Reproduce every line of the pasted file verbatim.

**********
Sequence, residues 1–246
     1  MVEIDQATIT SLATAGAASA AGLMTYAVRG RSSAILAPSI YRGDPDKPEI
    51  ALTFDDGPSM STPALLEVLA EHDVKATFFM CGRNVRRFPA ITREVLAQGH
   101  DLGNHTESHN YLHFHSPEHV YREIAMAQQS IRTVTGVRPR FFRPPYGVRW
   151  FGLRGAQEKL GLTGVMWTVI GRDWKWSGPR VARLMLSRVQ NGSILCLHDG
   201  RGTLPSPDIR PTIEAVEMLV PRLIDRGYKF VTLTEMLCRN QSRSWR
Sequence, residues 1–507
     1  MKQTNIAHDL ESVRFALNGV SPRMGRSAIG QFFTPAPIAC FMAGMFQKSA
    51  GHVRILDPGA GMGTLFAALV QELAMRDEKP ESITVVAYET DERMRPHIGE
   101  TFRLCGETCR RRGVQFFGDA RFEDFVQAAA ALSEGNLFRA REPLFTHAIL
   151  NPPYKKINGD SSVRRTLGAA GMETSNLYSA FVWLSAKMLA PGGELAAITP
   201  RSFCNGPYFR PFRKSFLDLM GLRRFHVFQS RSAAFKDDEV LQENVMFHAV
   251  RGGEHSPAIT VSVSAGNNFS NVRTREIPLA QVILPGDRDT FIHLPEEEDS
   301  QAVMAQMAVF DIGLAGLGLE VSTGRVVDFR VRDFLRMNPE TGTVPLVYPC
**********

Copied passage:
Sequence, residues 1–246
     1  MVEIDQATIT SLATAGAASA AGLMTYAVRG RSSAILAPSI YRGDPDKPEI
    51  ALTFDDGPSM STPALLEVLA EHDVKATFFM CGRNVRRFPA ITREVLAQGH
   101  DLGNHTESHN YLHFHSPEHV YREIAMAQQS IRTVTGVRPR FFRPPYGVRW
   151  FGLRGAQEKL GLTGVMWTVI GRDWKWSGPR VARLMLSRVQ NGSILCLHDG
   201  RGTLPSPDIR PTIEAVEMLV PRLIDRGYKF VTLTEMLCRN QSRSWR
Sequence, residues 1–507
     1  MKQTNIAHDL ESVRFALNGV SPRMGRSAIG QFFTPAPIAC FMAGMFQKSA
    51  GHVRILDPGA GMGTLFAALV QELAMRDEKP ESITVVAYET DERMRPHIGE
   101  TFRLCGETCR RRGVQFFGDA RFEDFVQAAA ALSEGNLFRA REPLFTHAIL
   151  NPPYKKINGD SSVRRTLGAA GMETSNLYSA FVWLSAKMLA PGGELAAITP
   201  RSFCNGPYFR PFRKSFLDLM GLRRFHVFQS RSAAFKDDEV LQENVMFHAV
   251  RGGEHSPAIT VSVSAGNNFS NVRTREIPLA QVILPGDRDT FIHLPEEEDS
   301  QAVMAQMAVF DIGLAGLGLE VSTGRVVDFR VRDFLRMNPE TGTVPLVYPC